Relieve holiday stress and tension with these 5 relaxing and restorative yoga poses…
It’s no secret that stress is terrible for your health – both mental and physical. Unfortunately, this joyous time of year often comes with a lot of stress, which can lower your immune function and increase your susceptibility to illness. Yoga and meditation can be wonderful ways to help reduce the stress of the holidays – or just life in general!
The 5 poses (asanas) below can help to relieve both physical and mental stress, and realign and rebalance your energy for more sustainable health and energy throughout the holiday season and beyond. Be sure to listen to your body as you move through each pose, giving extra time for poses that feel challenging, and relaxing longer in poses that feel especially good to you!
There are lots of yoga poses that will help to relax your body and mind and relieve holiday stress, but these are 5 of my favorite (click the links for detailed instructions on each one):
1.) Child’s Pose
Sit on the shins; bring the big toes together and knees a little bit wider than the hips. Crawl the arms forward to lower the torso, placing the head on a prop if necessary to keep the neck long and easeful. Keep the butt close to the heels. If necessary, place a blanket or bolster on top of the heels to keep the seat from lifting high. Lengthen and strengthen the elbows and wrists, pressing the hands down evenly the width of the shoulders. Breath into the side and back ribs, enjoying the traction in the back and side body from the seat to the hands.
For a more restorative option, place the torso on a bolster or neatly folded blankets. Turn the head to rest on one ear, and bend the elbows to let the forearms drape down onto the floor on either side of the prop.
Come up calmly after a few breaths or a few minutes—whatever feels best for you.
2.) Supported Seated Forward Bend
Sit on the floor or on folded blankets with the legs extended in front of you. If necessary, place a pillow or rolled blanket under the knees to keep from rolling onto the lower back. Place a bolster or a few pillows on top of the legs (running the same length as the legs) and fold the torso over the pillows, adding more as needed so the belly, chest, and head are supported.
Let the arms drape by the sides. Switch the turn of the head after a few breaths on one side.
Breathe calmly in and out of the nose, wide into the side of the ribs.
(In yin yoga this is often referred to as caterpillar pose.)
Stay for up to 5 minutes; sit up slowly when finished.
3.) Cow Face Pose
Stand or sit tall; have a towel or strap or belt nearby. Reach the left arm out to the left, turn the palm to face the wall behind you, bend the elbow and swing the back of the left hand onto the middle back—use the right hand to help scoot the left forearm and hand up the middle back, keeping the left collarbone wide.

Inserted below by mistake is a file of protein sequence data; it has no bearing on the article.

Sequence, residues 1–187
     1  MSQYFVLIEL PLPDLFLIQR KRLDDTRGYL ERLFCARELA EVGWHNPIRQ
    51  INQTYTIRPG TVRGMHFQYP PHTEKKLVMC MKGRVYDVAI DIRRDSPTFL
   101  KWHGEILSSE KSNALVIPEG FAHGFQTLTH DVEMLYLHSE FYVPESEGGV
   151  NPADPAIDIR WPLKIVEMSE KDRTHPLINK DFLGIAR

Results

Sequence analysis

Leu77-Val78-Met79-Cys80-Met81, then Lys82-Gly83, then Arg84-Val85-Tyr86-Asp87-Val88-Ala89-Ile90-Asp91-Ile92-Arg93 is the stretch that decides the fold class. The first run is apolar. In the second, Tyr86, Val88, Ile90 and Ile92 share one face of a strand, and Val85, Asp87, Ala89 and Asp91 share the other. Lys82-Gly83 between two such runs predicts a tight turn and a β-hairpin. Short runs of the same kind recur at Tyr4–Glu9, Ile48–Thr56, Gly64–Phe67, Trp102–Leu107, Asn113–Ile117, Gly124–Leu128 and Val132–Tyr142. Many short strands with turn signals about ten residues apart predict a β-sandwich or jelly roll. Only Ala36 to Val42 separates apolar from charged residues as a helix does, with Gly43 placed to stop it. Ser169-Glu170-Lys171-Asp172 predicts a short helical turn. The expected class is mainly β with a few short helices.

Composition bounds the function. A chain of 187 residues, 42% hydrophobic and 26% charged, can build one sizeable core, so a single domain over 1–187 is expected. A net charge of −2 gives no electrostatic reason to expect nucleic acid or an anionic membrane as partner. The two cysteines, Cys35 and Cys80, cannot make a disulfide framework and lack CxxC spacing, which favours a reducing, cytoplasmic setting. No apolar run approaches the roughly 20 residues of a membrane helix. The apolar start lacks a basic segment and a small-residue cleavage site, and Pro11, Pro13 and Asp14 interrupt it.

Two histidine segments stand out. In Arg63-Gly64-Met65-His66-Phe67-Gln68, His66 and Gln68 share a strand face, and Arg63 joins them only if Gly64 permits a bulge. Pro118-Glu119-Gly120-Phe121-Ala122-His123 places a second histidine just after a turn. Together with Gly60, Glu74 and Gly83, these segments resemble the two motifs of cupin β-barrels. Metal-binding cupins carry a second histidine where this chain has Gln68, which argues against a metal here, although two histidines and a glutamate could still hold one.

Holding a strap/belt or towel in the right hand, reach the right arm up, bend the elbow up, and place the right palm on the upper back—right armpit rolling in and right upper arm close to the right ear. Grab onto the prop with the left hand if needed, or link the fingers together and curl them in to form a sturdy grip.
Keep the left inner elbow wide and the right upper arm long, pulling the elbows gently apart. Maintain a tall spine without popping the front ribs forward. Breathe gently in and out of the nose, directing space into the shoulders and side/back ribs.
Slowly unwind and come to center before repeating on the other side.
Lie on the back, knees bent and feet flat. Place the right ankle on the left thigh above the knee, keeping the right foot flexed and active so the ankle doesn’t roll, right knee open to the right. Either stay with the left foot flat on the floor, or draw the left thigh toward the belly and interlace the hands behind the left leg (right hand goes through the open space between right and left leg, left hand wraps around outside edge of left leg).
Keep the right inner knee open to the right and the collarbone wide as you breathe in and out of the nose, directing space into the right hip or wherever feels tight for you. Slowly release and come through center before repeating on the other side.
We hold a lot of tension in the hips—when they are less gripped, they can reveal more emotional freedom and space for creativity to flow. Try it out for yourself and see how you feel.
Place the hands shoulder-width apart with the wrist creases parallel to the front edge of the mat, drawing the biceps in and up. Measure the length of downdog by coming to plank pose, then lift the hips up and back. The feet can be hip width apart or as wide as the mat, kneecaps engaged so the legs are both long and strong just like they were in plank (separate the feet wider if the spine does not easily extend up and back). Press into the hands evenly, lift the side ribs up into the hips, let the chest widen back toward the thighs. Press the thighs back from the lift of the kneecaps, creating a long-line of energy from the hands up to the height of the hips. Relax the neck and let the head hang. Take a round of five breaths and if you stay for longer, continue to let the breath both invigorate and calm the body and mind. For assistance, press the heels down into a wall and energize the limbs up away from the floor.
Find more stress-relieving yoga poses at MindBodyGreen.com…